Financial Times

May 27, 2013 10:33 pm

Rajoy’s regional deficit targets for Spain anger allies

By Tobias Buck in Madrid

Mariano Rajoy is facing pressure from party barons over his government’s plan to impose more spending cuts on Spain’s powerful regions. Critics are angry that “asymmetric” deficit targets could favour rich Catalonia over poorer regions.

In an attempt to restore party unity, Spain’s prime minister met regional leaders from his Popular party in Madrid on Monday, but the gathering ended without an agreement.

The central government wants the regions to lower their budget deficit from 1.7 per cent of gross domestic product last year to 1.2 per cent this year. The reduction is crucial to Spain’s campaign to lower the public deficit and slow the rise in the national debt.

Spain says it will post a budget deficit of 6.3 per cent this year, almost two points higher than forecast. Madrid now expects to meet the EU budget deficit target of 3 per cent only in 2016, according to a plan expected to be approved from the European Commission on Wednesday.

Mr Rajoy’s latest drive to tighten fiscal discipline has been complicated by the deep economic and political differences between Spain’s 17 regions. Recently, some of his closest party allies have denounced a plan that would set individual deficit reduction targets for the regions instead of imposing a uniform limit for all.

They fear that such an approach would impose a heavier burden on PP-governed regions, which have made big efforts to curb spending, than on heavily indebted regions run by the opposition, such as Catalonia and Andalucia.

Ignacio González, the president of the Madrid region and a senior PP leader, said on Monday: “If the deficit is fixed at 1.2 per cent, we all must have 1.2 per cent.”

Madrid told all the regions last year to comply with the same deficit target of 1.5 per cent of GDP. But the response was far from uniform, with some regions slashing their expenditure to meet the threshold and others falling well short.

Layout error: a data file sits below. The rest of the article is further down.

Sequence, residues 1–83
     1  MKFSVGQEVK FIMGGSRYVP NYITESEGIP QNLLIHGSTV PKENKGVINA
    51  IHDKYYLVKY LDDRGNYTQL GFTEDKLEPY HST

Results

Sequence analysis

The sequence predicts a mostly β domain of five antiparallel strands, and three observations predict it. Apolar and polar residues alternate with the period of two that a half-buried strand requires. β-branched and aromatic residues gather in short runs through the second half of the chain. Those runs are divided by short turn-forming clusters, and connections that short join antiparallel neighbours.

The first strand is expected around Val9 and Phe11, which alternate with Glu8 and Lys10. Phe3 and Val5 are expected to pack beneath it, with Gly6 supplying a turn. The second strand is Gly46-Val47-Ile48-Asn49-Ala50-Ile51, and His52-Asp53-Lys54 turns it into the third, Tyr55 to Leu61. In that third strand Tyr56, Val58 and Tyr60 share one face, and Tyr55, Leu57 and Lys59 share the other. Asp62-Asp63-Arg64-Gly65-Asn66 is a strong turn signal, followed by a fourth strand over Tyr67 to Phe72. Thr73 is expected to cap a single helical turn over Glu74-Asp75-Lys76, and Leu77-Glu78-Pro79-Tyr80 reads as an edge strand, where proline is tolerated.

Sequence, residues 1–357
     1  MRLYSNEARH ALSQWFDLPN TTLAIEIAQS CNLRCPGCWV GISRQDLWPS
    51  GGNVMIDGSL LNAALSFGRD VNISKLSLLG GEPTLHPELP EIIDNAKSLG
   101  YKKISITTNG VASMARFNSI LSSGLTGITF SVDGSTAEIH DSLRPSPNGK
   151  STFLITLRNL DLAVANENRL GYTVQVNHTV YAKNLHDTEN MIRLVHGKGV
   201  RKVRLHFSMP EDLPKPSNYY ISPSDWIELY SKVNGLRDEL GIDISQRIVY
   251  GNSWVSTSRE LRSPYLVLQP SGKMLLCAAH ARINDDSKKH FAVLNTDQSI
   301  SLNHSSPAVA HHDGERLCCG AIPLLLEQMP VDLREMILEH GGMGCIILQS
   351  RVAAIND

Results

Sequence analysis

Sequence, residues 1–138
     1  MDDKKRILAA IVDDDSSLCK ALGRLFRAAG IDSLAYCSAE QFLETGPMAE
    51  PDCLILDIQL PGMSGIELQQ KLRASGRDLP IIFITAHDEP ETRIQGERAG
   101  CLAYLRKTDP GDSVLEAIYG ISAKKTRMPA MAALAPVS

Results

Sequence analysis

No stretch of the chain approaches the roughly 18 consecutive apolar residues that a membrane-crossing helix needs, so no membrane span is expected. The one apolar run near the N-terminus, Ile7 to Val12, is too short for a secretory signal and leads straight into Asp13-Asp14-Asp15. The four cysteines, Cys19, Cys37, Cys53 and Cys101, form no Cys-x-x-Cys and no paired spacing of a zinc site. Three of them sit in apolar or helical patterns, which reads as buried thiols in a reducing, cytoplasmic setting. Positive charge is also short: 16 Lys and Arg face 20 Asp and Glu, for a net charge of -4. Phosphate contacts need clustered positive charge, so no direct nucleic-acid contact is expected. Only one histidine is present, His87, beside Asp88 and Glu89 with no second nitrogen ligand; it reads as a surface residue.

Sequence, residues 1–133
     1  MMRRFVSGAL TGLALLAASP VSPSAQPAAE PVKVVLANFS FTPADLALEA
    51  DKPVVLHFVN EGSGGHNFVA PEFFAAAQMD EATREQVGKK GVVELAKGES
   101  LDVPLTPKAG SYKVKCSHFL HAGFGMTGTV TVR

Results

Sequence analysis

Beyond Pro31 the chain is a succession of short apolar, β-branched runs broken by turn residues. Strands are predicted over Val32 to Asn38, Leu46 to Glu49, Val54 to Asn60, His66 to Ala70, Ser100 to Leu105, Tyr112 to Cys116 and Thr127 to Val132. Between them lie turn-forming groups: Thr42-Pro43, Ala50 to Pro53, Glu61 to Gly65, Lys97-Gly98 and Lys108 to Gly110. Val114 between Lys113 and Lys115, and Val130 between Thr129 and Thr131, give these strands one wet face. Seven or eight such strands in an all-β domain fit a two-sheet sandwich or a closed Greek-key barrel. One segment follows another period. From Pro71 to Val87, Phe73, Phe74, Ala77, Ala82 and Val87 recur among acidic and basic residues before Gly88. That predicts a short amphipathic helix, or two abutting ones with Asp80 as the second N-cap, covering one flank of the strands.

Castilla-La Mancha, for example, lowered its deficit from 7.9 per cent of GDP in 2011 to 1.5 per cent last year. Valencia, in contrast, cut its shortfall from 5 per cent to 3.5 per cent, while Catalonia – which accounts for about a fifth of national output – posted a deficit of 2 per cent, down from 4 per cent the previous year.

Analysts say recent reductions have been impressive but warn that further consolidation will be harder to achieve. Juan Rubio-Ramírez, a professor of economics at Duke University in the US, points out that regional governments are responsible for healthcare and education, two budget items that are difficult to cut. “What the regions have done so far is cut investment very dramatically. But you cannot keep cutting investment forever – and the health bill will continue to grow in the long run.”

Catalonia poses a particular challenge, because of the recent surge in separatist sentiment among Catalan voters and the political leadership in Barcelona. The campaign for an independent Catalan state has been fuelled by perceptions that the region, which is among the richest in Spain, has been driven to the brink of financial ruin by the need to subsidise poorer parts of the country.

The plan to give easier deficit targets to Catalonia and other troubled regions is widely seen as a ploy to calm political tensions and avoid a broader re-organisation of the financial relationship between the state and the regions.

“A few regions currently pay much more [into the central budget] than the rest,” said Prof Rubio-Ramírez. “This is a fast and easy way to undo some of [that] asymmetry.